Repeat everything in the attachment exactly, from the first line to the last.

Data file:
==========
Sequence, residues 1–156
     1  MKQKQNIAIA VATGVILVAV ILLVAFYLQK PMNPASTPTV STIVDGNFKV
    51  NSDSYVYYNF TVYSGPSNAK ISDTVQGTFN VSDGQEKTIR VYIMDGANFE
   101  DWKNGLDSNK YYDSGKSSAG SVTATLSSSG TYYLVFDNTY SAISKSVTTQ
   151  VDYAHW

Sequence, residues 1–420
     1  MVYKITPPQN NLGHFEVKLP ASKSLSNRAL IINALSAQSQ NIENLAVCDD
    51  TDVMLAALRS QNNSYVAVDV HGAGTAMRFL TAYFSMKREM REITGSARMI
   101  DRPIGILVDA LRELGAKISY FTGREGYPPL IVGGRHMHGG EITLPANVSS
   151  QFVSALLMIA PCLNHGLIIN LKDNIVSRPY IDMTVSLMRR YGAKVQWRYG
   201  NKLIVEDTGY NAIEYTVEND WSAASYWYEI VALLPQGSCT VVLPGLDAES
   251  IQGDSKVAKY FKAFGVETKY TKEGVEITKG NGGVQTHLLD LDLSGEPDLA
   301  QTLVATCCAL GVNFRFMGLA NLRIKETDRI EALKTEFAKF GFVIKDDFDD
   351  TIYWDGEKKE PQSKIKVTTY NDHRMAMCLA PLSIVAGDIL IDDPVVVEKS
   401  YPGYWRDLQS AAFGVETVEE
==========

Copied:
Sequence, residues 1–156
     1  MKQKQNIAIA VATGVILVAV ILLVAFYLQK PMNPASTPTV STIVDGNFKV
    51  NSDSYVYYNF TVYSGPSNAK ISDTVQGTFN VSDGQEKTIR VYIMDGANFE
   101  DWKNGLDSNK YYDSGKSSAG SVTATLSSSG TYYLVFDNTY SAISKSVTTQ
   151  VDYAHW

Sequence, residues 1–420
     1  MVYKITPPQN NLGHFEVKLP ASKSLSNRAL IINALSAQSQ NIENLAVCDD
    51  TDVMLAALRS QNNSYVAVDV HGAGTAMRFL TAYFSMKREM REITGSARMI
   101  DRPIGILVDA LRELGAKISY FTGREGYPPL IVGGRHMHGG EITLPANVSS
   151  QFVSALLMIA PCLNHGLIIN LKDNIVSRPY IDMTVSLMRR YGAKVQWRYG
   201  NKLIVEDTGY NAIEYTVEND WSAASYWYEI VALLPQGSCT VVLPGLDAES
   251  IQGDSKVAKY FKAFGVETKY TKEGVEITKG NGGVQTHLLD LDLSGEPDLA
   301  QTLVATCCAL GVNFRFMGLA NLRIKETDRI EALKTEFAKF GFVIKDDFDD
   351  TIYWDGEKKE PQSKIKVTTY NDHRMAMCLA PLSIVAGDIL IDDPVVVEKS
   401  YPGYWRDLQS AAFGVETVEE